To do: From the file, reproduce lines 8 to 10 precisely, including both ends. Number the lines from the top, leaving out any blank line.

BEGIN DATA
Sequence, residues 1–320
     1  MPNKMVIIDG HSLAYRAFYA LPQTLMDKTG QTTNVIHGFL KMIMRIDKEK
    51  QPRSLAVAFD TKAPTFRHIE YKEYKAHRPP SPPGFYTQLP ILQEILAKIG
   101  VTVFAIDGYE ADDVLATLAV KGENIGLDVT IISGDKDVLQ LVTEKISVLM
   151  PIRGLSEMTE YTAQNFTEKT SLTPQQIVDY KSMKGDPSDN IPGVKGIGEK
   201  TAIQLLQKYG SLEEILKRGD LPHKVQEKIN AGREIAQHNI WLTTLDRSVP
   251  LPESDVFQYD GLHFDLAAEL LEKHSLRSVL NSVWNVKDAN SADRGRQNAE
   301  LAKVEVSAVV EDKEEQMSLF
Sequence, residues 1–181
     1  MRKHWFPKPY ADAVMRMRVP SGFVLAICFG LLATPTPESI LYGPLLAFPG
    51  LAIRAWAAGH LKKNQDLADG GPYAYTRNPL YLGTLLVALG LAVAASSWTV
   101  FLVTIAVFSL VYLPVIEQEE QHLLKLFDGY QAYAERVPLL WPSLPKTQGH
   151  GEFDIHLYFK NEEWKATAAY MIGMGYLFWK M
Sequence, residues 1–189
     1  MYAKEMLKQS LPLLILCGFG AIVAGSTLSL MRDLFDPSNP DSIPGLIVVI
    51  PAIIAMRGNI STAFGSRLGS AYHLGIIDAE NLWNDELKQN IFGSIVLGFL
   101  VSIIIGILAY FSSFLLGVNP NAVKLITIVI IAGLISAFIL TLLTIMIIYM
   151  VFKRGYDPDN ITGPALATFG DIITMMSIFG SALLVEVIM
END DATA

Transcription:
   301  LAKVEVSAVV EDKEEQMSLF
Sequence, residues 1–181
     1  MRKHWFPKPY ADAVMRMRVP SGFVLAICFG LLATPTPESI LYGPLLAFPG